A friend recently pointed out to me that I seem to gravitate towards ingredients which usually garner scorn from others. I have a feeling that this is primarily due to my childhood shock and awe education which introduced me to a wide range of potentially upsetting tastes and textures. I can confidently say now that there is value gained from watching a honeycombed expanse of cow stomach float about in a bubbling broth or from tearing apart a leathery cuttlefish half the length of the kitchen table into sinewy rubbery shreds. These food experiences might have sent a more tendered hearted individual scurrying behind their mother’s apron strings-- but not me. These times strengthened my gut and stretched my yet formed palate. It might be that I became more resolved to explore the unknown, a reckless food junkie thrilling and scoring an adrenaline rush with the sampling of each new and exotic ingredient entering my horizon.
But when it comes to vegetables how risqué can it get? They do not possess snouts or rogue bristly hairs on protuberances. They do not undergo body functions with identifiable parts which too closely resemble our own. No shiny eyes peer down at us nor are ungainly sounds emitted. The entire rainbow of the plant kingdom should have been unearthed and employed within my kitchen at least several times over. I’ve indulged in racy red beets and become entangled with cruciferous kale. I’ve been enamored with the peppery bite of radishes and the silky seduction of eggplants. Somehow during my romp and trample through the garden of eating, I managed to skip past the greens which form the foundation of a very basic salad.
The ubiquitous appearance of mesclun mix in the produce aisle hailed my downward slothful slide. The simple ease of throwing down a medley of lettuces into a bowl with a few nonchalant additions freed up time and energy for other culinary pursuits. The formula’s success was short lived as it became increasingly more difficult to find pre-made mixes unmarred by slime or wilt. Luckily the delightful discovery of names like rocket, lamb’s quarter, frisée, endive and radicchio played upon my imagination, encouraging the once familiar search in new and far places.
And then I found escarole. It is no denying that this produce is easy to overlook. A too quick glance would categorize this type of endive as merely green leaf lettuce. A closer examination would reveal a pale broadly ruffled leaf which exudes a hardy vigorous appearance which one might discount as “too tough” or even “stringy”. But let me assure you that this concern is trivial in the pursuit of a wonderful new vegetal friend. It is true that escarole has character, substance. If one enjoys the bitter tone to radicchio, frisée or Belgian endive then escarole will effortlessly slide right into your well oiled salad bowl. However if the rugged taste is too burdensome to be taken raw, do not fret for a reprieve is close at hand. Cooking tames the beast and soup is the fix.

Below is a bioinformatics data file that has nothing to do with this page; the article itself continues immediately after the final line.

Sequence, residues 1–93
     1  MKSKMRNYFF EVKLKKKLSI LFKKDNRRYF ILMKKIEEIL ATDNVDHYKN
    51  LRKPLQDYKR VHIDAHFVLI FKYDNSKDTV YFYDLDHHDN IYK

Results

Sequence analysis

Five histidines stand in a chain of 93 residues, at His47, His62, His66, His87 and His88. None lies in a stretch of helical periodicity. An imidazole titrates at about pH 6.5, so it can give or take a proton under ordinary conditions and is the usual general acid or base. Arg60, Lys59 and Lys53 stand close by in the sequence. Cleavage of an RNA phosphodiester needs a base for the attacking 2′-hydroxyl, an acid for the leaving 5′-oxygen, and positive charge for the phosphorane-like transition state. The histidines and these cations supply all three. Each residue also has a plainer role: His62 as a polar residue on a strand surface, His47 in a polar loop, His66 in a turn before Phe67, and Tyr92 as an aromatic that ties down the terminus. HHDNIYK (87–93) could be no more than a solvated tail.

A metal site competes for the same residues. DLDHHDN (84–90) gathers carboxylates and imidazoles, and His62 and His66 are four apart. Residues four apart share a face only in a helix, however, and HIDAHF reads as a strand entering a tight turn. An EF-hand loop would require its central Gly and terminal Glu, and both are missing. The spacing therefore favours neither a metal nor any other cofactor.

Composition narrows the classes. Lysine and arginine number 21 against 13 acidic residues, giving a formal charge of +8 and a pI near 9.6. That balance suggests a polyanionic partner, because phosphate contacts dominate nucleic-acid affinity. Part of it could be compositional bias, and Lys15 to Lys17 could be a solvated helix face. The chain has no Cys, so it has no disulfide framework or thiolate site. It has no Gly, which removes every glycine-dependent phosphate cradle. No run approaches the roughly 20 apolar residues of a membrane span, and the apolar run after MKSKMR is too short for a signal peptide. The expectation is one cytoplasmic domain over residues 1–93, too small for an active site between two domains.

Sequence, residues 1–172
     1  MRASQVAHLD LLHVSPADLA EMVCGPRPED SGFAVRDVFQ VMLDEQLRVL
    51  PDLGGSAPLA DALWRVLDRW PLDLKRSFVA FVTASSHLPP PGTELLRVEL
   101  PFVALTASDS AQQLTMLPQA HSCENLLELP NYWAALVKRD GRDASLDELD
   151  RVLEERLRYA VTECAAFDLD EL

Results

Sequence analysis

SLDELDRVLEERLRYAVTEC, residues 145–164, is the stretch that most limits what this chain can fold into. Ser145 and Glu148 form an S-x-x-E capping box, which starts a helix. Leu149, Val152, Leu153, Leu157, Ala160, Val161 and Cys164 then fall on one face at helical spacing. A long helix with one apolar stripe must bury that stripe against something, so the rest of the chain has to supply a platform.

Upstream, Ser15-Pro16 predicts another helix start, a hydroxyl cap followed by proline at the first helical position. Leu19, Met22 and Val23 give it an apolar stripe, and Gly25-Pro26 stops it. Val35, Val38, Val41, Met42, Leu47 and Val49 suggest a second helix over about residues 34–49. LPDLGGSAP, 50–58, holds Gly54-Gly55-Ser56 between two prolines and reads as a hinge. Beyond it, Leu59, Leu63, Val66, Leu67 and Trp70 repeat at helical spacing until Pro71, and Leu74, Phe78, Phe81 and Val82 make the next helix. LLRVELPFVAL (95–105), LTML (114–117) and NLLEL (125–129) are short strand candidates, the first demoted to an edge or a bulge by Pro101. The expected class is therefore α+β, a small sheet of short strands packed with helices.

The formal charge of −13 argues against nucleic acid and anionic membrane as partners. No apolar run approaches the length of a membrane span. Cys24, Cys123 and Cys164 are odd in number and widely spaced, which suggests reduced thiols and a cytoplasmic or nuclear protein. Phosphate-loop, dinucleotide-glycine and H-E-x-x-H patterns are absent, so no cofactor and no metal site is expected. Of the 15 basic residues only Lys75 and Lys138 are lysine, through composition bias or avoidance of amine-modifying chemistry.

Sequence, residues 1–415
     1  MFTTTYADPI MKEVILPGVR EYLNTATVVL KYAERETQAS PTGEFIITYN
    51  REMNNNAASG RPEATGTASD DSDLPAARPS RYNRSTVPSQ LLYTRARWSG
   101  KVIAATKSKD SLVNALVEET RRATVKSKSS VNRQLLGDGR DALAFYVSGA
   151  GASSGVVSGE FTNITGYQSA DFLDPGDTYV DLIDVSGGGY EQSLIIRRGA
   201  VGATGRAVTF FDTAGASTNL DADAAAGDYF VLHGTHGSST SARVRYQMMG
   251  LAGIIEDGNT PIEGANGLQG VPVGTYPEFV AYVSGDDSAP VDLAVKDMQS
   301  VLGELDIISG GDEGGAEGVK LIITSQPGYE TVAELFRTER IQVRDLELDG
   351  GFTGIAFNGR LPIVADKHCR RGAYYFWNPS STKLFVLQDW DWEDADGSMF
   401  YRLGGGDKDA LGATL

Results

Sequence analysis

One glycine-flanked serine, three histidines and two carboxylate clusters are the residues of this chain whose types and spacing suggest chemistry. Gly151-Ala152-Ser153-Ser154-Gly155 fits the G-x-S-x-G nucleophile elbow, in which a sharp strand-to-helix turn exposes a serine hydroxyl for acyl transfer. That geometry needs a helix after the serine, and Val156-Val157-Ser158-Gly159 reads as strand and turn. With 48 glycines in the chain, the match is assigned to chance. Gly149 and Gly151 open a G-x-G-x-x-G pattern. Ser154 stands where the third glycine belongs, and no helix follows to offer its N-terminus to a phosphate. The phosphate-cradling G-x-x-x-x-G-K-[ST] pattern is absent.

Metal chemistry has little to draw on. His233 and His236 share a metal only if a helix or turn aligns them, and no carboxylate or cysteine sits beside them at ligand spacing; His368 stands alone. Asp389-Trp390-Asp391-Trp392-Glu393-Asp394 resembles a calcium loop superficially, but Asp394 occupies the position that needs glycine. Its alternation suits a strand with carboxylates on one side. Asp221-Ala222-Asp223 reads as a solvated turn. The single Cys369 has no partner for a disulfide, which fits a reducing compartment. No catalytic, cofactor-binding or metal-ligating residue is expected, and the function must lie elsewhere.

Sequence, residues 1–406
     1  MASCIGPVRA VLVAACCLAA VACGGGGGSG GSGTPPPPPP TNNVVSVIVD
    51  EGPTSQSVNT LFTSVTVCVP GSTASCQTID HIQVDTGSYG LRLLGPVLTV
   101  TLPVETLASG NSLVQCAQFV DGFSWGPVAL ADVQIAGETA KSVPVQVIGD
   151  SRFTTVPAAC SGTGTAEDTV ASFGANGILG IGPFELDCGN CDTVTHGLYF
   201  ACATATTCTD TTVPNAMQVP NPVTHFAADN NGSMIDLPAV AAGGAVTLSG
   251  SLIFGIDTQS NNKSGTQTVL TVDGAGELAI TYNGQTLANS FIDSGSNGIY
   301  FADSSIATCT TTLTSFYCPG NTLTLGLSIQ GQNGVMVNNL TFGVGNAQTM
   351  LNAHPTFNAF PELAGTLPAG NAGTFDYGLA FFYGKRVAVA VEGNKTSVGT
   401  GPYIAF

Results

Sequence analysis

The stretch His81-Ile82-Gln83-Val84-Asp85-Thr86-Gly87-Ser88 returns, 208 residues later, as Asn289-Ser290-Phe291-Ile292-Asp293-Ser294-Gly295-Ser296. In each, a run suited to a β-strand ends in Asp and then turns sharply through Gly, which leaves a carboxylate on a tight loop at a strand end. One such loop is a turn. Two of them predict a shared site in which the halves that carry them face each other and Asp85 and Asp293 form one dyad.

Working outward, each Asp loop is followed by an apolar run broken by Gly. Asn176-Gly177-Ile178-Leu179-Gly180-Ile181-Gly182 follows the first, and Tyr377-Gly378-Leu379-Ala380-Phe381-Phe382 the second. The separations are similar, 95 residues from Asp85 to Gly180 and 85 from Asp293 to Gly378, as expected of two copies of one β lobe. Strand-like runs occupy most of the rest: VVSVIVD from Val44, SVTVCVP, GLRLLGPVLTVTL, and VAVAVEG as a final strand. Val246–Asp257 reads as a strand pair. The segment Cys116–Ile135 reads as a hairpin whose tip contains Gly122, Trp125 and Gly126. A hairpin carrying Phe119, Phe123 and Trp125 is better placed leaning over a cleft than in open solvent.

I actually discovered escarole when making Italian Wedding Soup. I had recently developed a fondness for frisée and knew that the two were distantly related. While lettuce in soup sounds like a bad idea I can assure you in this case, it is not. Eating this magical elixir is like wearing a vintage buttery-soft silk robe over freshly bathed skin. One is enveloped from the inside out with a deceptively simple luxuriousness that takes over all senses. First the greens reduce down to a slippery gulp of unmistakable nourishment. In conjunction with tender orzo which slides so amicably down the gullet making one feel safe, young and content, one is at least doubly satisfied. This happy convergence is then wrapped in a chicken broth thickened into velvet with the gentle introduction of a frothy egg. Lastly the marriage is officiated by a brood of tender meatballs and celebrated with a sprinkle of cheese. I promise you that this soup will have you positively greedy for escarole and sounding out its beautiful sonorous name.
Italian Wedding Soup
12 oz. ground turkey
¼ cup grated parmesan cheese
1 tablespoon chopped fresh thyme
2 tablespoons milk/soymilk/water
¼ cup breadcrumbs
¼ tsp ground black pepper
Pinch of salt
8 cups plus of chicken broth
¾ cup of orzo
1 small head of rough chopped escarole
1 egg whisked with a bit of water
Sprinkle of grated parmesan cheese
Directions: First put the stock in ample sized pot to gentle boil. In the meantime, gently mix the turkey, cheese, thyme, egg and milk, breadcrumbs, salt and pepper. While the stock comes up to heat, form the mixture into marble size balls and drop in. You’ll want to work rather quickly so that the meat doesn’t overcook. Once the meatballs mixture is complete, stir in the orzo and then add the escarole roughly in thirds. When all the escarole has been added and wilted, slowly pour the whisked egg mixture in to the soup while gently agitating the broth. Ladle into bowls and sprinkle with cheese.